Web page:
Archive Gallery: Science Fights World Hunger

To commemorate World Food Day, we look back on science's role in alleviating the hunger crisis. Whale breeding, desert sugar factories, and oyster soup capsules, yum
Humans have hunted caribou, or wild reindeer, for ages. Their numbers are numerous. Since reindeer meat is so popular in in circumpolar and Scandinavian countries, why not feed the rest of the world with reindeer? One organization proposed using airplanes to shoot down reindeer with machine guns. The method, while brutal, wouldn't endanger the species as long as the number of reindeer bulls killed per year didn't exceed one million. The Canadian Government even formed an organization called the Caribou Commission to study how airplanes could be used to shoot caribou and distribute its meat to butcher shops. In addition to killing the reindeer, planes could help locate and drive herds to areas near slaughterhouses. Read the full story in "How Caribou Meat Obtained by Airplane Would Increase World Food Supply"

On October 16, more than 150 countries will observe World Food Day to raise awareness of poverty and hunger. The Food and Agricultural Organization of the United Nations established the occasion in 1979 and held the first one in 1981 with the theme “Food Comes First.” The October 16 date commemorates the founding of the FAO, which was born after President Franklin D. Roosevelt invited representatives of Allied Nations to Hot Springs, Virginia, to discuss the founding of an international organization dedicated to food and agricultural development.

Although World Food Day is only 29 years old, malnutrition has plagued our planet’s citizens since the dawn of mankind. Feeding billions of starving people poses a daunting challenge, and many argue that industrialization has only drained the world of its natural resources. Convinced that that’s not always the case, we consulted our archives to find ways that science and technology actually worked to fight the hunger crisis.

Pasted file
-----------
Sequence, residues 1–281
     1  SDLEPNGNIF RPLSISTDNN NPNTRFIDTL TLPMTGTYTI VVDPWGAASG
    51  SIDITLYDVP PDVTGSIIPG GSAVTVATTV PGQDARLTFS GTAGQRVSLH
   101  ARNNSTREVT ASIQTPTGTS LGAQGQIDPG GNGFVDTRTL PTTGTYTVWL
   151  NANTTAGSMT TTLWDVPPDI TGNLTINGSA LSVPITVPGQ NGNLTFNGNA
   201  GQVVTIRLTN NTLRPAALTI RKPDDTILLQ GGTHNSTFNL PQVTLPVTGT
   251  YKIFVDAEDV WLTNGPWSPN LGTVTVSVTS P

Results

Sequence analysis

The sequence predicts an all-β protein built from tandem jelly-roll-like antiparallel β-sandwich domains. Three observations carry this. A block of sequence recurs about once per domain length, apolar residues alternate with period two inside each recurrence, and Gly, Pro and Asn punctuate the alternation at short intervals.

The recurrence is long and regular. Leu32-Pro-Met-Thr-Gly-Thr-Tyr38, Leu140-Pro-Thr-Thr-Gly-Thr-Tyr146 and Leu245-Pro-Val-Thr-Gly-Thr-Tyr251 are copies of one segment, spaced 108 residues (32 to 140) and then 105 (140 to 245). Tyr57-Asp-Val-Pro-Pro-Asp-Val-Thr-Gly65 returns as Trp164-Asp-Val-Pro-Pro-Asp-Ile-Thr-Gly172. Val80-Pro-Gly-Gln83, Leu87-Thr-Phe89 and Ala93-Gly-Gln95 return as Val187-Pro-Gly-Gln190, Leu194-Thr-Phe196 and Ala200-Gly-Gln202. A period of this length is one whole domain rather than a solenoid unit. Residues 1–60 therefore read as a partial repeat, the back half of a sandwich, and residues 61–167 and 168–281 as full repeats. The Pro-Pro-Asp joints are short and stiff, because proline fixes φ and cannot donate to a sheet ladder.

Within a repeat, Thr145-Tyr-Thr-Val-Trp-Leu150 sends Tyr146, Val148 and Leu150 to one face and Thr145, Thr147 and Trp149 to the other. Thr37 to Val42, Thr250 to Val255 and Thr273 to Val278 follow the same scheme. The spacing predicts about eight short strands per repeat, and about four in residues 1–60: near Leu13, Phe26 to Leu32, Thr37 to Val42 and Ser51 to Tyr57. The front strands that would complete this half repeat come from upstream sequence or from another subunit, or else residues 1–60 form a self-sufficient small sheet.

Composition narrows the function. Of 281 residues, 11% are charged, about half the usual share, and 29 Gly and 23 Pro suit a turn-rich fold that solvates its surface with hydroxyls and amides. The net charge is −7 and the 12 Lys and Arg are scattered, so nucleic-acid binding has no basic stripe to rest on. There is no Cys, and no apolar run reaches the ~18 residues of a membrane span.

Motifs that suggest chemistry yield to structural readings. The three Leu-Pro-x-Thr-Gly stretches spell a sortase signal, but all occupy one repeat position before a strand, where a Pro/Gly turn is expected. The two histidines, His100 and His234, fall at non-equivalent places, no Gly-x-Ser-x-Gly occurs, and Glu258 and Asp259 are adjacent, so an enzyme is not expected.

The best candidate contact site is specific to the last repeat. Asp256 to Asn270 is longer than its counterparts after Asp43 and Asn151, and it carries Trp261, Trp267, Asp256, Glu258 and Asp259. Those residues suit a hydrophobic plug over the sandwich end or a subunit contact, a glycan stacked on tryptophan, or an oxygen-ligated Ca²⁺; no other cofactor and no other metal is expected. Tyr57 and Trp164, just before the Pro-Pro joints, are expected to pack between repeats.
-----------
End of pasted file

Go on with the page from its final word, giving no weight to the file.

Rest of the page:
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By the mid-20th century, we knew that clearing farmland to make more room for crops wasn’t the most realistic option for dealing with dealing with hunger. Researchers had to make agriculture less vulnerable to weather patterns and the urban sprawl. Maybe if we sand-blasted clouds to induce rainfall or bred whales as cattle of the sea, the food industry wouldn’t be so affected by bad soil and drought.

Since it was also around for the two World Wars, Popular Science also covered the challenge of providing aid to faraway nations, and to millions of civilians suffering from famine or food shortages. How could we make vitamin-rich food more affordable? How would we transport large amounts of perishables over vast distances while keeping them edible?

We haven’t found the answer to worldwide food shortages yet, but maybe we’re getting there, one experiment at a time. Click through our gallery to read about the sometimes useful, often unusual, ways that science has attempted to alleviate hunger.